Direct access Research units

Evolution of translation initiation systems in eukaryotes

In eukaryotes, translation initiation requires many factors intended to recruit the small ribosomal subunit (40S) with the tRNAMet initiator near the 5’ end of the capped mRNAs. Once the ribosome/tRNAMet/mRNA pre-initiation complex is formed, a process called scanning allows the pre-initiation complex to slide and inspect the 5’ untranslated region (UTR) of the mRNA in order to identify the initiator AUG codon. Validation of the codon-anticodon interaction by initiation factors is followed by the assembly of the large ribosomal subunit (60S) and departure of initiation factors. The assembled 80S ribosome is then ready to enter the elongation phase.

To gain in efficiency and to hijack the cellular translation components certain viral mRNA bypass the classic initiation process using “Internal Ribosome Entry Sites” (IRES) which allow them to recruit very efficiently ribosomes inside the mRNA and independently from the 5’ cap structure. IRES are also present in certain cellular mRNAs and are activated under particular cellular conditions (stress, cell cycle events).

Schematic model of the initiation of histone H4 mRNA translation initiation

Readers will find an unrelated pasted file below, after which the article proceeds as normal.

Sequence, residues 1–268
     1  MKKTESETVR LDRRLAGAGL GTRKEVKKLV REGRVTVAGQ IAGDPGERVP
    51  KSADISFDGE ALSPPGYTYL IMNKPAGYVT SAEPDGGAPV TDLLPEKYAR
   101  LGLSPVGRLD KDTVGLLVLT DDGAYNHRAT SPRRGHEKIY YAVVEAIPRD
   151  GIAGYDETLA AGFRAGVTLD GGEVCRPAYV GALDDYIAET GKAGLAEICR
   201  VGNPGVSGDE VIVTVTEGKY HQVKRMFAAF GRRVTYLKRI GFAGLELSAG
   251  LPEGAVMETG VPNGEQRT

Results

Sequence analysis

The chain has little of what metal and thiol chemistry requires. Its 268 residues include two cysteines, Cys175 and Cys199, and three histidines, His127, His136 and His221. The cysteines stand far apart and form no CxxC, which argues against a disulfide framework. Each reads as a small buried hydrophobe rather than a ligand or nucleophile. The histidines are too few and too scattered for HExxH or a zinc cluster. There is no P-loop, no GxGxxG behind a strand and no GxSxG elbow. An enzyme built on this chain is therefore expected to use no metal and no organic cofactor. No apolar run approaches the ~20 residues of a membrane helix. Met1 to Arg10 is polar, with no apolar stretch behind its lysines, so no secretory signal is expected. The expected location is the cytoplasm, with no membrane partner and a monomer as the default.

The project is focused on translation initiation of mouse histone H4 mRNA. This highly conserved mRNA exhibits very short 5’ UTR and no poly A tail. These features exclude conventional translation initiation mechanism with a “scanning” step of the UTR by the ribosome. We showed that H4 mRNA is using a new type of initiation mechanism called “tethering” allowing the mRNA of histone H4 to be very efficiently translated (Martin et al., 2011).

H4 mRNA contains in its open reading frame 2 structural elements playing critical roles during the initiation process. One element binds initiation factor eIF4E independently from the cap located on the 5’ end. From this site, the activated 43S small ribosomal subunit is recruited by eIF4F and directly loaded on the AUG initiation codon without any scanning of the mRNA by the ribosome. The second essential structure of the mRNA is located 19 nucleotides downstream the AUG codon. This element is folded as a three-way helix junction domain and facilitates the positioning of the ribosome on the AUG codon. Then, the 60S is assembled, forming the 80S particle ready to start translation. This basic mechanism of “tethering” ensures an immediate start of the translation without the slow and cost-effective step of scanning (Martin et al., 2011).

See more: « Quand la cellule se prend pour un virus »

Newspaper picture Molecular Cell Vol 41 Num 2 - 2011